Why Is It Hotter In The City? This Video Explains The Urban Heat Island Effect

In the summer, the temperature in New York City is about 7 degrees Fahrenheit higher than in its surrounding areas, according to NASA. That is not unusual. Cities are often warmer than their suburbs because of a phenomenon called "the heat island effect." The way a city is designed — the building materials used, the way streets are arranged, the lack of canopy — can actually sequester heat.

More than half of the world's population (and growing) live in cities, so interest in figuring out how to cool them down might be growing, too.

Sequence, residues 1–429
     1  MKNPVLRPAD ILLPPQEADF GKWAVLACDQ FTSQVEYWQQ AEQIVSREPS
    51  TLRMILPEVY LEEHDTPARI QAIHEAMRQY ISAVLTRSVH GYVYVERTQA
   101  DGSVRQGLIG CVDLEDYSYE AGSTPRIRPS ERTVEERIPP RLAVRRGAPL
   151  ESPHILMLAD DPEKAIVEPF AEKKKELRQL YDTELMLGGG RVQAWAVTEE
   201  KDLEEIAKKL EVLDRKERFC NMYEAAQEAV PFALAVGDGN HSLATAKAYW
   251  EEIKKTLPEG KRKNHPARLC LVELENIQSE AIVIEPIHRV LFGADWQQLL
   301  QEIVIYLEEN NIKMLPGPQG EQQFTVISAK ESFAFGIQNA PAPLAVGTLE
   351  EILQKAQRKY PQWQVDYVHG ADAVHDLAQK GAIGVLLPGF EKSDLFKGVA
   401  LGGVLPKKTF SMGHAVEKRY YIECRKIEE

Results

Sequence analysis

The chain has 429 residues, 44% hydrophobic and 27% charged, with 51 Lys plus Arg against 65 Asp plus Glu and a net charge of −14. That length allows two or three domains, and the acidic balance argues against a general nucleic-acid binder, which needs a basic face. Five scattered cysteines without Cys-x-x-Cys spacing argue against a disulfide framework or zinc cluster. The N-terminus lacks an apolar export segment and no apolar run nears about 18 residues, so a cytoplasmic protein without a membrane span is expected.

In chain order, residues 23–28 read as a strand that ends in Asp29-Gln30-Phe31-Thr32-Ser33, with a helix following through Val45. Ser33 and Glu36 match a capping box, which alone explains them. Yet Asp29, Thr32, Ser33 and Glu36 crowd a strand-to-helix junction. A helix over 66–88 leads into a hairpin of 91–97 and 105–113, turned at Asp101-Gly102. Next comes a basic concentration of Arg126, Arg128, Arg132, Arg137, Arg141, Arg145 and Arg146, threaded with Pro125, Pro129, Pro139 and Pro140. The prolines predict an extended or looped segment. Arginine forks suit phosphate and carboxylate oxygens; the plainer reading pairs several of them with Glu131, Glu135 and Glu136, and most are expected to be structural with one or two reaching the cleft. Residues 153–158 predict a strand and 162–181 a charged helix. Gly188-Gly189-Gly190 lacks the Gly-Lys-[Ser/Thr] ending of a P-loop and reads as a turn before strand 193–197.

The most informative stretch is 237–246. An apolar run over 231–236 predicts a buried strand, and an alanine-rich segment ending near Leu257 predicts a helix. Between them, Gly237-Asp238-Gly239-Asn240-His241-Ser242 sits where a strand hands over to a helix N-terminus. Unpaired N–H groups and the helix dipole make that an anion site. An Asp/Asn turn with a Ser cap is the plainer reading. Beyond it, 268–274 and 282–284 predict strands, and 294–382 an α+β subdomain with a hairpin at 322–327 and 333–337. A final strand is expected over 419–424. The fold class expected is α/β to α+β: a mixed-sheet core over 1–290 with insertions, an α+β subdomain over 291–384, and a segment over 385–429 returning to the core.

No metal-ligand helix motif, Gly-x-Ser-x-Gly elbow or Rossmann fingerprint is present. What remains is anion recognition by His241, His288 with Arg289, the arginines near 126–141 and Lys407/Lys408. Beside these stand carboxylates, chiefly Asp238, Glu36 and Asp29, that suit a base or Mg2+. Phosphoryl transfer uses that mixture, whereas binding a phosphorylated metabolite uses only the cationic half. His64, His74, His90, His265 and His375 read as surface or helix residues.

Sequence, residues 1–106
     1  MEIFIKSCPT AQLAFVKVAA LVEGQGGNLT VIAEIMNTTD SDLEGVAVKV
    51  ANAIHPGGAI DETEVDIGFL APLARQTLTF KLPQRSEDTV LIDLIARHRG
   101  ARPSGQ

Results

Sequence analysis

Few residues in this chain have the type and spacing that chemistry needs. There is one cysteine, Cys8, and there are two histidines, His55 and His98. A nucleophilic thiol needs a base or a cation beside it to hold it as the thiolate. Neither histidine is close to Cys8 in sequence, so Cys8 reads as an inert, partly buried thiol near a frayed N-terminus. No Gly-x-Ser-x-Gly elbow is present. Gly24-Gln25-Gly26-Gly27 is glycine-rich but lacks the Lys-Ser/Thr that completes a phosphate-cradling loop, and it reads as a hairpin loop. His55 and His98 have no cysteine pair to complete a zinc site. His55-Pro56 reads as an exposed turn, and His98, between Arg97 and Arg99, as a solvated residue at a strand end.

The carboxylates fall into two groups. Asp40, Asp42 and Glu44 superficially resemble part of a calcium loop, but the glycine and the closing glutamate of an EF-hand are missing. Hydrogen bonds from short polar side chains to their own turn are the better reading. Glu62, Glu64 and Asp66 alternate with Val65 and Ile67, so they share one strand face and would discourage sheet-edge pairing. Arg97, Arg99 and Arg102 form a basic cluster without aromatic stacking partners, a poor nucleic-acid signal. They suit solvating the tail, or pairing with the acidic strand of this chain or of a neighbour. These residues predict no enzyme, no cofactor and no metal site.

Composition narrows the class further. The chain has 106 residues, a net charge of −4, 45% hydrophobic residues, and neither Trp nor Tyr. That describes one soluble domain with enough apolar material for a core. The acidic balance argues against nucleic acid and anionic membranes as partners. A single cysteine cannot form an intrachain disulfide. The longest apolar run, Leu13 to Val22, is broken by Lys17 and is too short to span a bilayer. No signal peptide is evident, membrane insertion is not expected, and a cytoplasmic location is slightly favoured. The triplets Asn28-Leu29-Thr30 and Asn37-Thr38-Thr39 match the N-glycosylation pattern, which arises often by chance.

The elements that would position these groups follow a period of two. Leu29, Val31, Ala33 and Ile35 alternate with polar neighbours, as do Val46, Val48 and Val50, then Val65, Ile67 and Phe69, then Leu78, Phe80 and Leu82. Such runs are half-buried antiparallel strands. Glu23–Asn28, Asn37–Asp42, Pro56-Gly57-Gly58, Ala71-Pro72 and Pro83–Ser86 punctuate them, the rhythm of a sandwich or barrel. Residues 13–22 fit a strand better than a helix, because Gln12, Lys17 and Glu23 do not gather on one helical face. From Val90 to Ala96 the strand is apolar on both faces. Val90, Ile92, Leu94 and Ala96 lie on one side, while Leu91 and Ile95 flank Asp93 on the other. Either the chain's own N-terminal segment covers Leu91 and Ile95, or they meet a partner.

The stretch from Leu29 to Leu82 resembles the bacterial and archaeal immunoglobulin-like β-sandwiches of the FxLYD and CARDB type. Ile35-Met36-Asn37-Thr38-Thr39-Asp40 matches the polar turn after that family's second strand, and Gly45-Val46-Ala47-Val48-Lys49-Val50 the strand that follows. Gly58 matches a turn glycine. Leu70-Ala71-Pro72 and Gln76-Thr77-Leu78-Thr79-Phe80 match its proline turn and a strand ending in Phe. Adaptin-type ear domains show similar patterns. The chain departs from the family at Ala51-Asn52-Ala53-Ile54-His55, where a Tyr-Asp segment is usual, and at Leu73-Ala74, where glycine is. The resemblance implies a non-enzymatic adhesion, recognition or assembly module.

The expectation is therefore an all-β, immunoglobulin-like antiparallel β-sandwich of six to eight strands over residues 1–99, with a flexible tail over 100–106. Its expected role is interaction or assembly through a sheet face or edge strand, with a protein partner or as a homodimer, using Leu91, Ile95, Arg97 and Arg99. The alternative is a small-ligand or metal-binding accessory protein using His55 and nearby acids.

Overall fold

Learn more about NPR's look at our warming world with this series. Curious what action Denver is taking? One response to the heat island effect locally has been the green roof initiative.

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